Viewpoint: Concepteur…what a great idea

When you go to a French advertising awards ceremony, whether it's in Montreal or Cannes, you'll see and hear a word that won't translate into English worth a damn.The word is 'concepteur'. It means, of course, 'the person who thought up...

When you go to a French advertising awards ceremony, whether it’s in Montreal or Cannes, you’ll see and hear a word that won’t translate into English worth a damn.

The word is ‘concepteur’. It means, of course, ‘the person who thought up the idea.’

The English equivalents just aren’t there.

‘Concepteur’ doesn’t exist. ‘Conceptualize’ might, but shouldn’t. ‘Idea man,’ apart from being sexist, conjures up the image of some guy in a sharkskin suit whose idea is going to do him a lot more good than it does you.

And the Anglo award terms, copywriter and art director, are old-fashioned job descriptions, portraying more what’s done with a keyboard or a layout pad, than with a brain.

Engrave it

We should find an English word for ‘concepteur,’ and when we find, it, we should engrave it in bronze and attach it to a pedestal, waiting for somebody who deserves to stand above it.

Because as the 20th century leaks away (Do you know there are less than 2,000 days until 2000?), we need concepteurs very, very badly. And I’m talking way, way beyond what used to be called the Creative Department.

The modern world is up to its collective elbows in tools. We have machines that can do absolutely anything – sound like a symphony orchestra, change Humphrey Bogart’s eyes from gray to blue, desktop-publishing the complete works of Plato, or even finish this column for me after I abandon it halfway through.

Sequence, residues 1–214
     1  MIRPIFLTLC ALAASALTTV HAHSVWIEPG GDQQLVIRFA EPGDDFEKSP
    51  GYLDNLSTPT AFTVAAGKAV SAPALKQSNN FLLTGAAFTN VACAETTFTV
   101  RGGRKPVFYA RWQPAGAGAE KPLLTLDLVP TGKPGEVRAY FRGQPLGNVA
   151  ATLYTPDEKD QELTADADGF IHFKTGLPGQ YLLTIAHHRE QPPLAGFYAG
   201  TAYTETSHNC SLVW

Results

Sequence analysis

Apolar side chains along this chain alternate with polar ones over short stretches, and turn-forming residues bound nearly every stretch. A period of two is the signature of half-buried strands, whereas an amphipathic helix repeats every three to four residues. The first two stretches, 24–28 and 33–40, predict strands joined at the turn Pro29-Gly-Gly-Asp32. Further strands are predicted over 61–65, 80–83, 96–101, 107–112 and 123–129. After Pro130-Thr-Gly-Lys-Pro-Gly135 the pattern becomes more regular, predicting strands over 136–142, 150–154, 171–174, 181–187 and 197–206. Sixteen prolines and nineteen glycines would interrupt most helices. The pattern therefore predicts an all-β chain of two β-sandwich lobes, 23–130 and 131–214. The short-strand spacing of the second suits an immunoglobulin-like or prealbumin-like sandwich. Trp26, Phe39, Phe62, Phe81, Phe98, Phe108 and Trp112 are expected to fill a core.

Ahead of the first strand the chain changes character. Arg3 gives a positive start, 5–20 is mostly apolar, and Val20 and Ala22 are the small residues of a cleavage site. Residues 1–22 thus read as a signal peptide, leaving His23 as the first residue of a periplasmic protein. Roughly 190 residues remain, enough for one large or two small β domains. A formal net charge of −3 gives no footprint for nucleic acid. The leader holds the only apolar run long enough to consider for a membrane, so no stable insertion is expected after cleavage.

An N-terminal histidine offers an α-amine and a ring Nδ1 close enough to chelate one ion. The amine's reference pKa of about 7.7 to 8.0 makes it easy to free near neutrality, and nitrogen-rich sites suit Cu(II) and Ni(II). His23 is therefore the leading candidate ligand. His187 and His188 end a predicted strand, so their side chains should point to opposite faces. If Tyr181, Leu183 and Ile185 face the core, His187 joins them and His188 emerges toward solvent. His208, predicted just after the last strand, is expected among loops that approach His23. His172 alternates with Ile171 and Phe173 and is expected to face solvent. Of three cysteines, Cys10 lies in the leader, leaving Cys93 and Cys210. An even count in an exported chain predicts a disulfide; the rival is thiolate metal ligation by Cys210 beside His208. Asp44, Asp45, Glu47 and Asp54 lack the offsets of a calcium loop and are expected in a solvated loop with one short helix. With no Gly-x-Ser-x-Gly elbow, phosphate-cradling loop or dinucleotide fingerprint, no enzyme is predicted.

Tools aren’t the point. There have always been tools.

Flinty rocks sat around forever, until some prehistoric concepteur banged a couple of them together over some dead grass and blew on the spark.

Lots of steam had rattled the lids of lots of teakettles, until a concepteur named Watt said – more or less – I’ll bet that force could power a train.

Unfortunately, the more sophisticated our tools get, the more most of us just use them to push around the same old concepts.

We string together words, or sounds, or pictures in new and nifty ways, and call ourselves concepteurs – or we would, if we had the term in our language.

And, then we wonder why, in this shrinking and competitive world, the only people we hear applauding is us.

Nope. Not enough. We need more people like Bill Gates, who saw an important new form of hardware and realized it would need software to match. Like Dave Nichol, who saw the decline of brand loyalty and figured out how to redirect it.

Like Jim Henson, who looked at fuzzy bundles of fur and saw new and marvellously entertaining creatures. We even need people whose creations I don’t understand, but which are original and seem to fill a need; I’m thinking right now, God help me, of the man or woman who invented the infomercial.

I think what Hugo Powell of Labatt was saying he needed, in his celebrated speech of a year or so ago, was fewer rearrangers of deck chairs, and more concepteurs.

He was right. (Whether he has since found them is the subject for a whole separate debate.)

Hard to find

True concepteurs are hard to find

I’m not sure that I know personally more than three, maybe four, and every one of them has had more than his of her share of devastating failures.

Because new ideas are not only rare, but we who stand around and watch them have a nasty habit of saying, ‘I haven’t seen that before, therefore it won’t work.’

This week, then, your homework assignment is to go out and support somebody’s flaky idea. It just might be a Microsoft of a Muppet – or damn it, a Prism and vive le concepteur.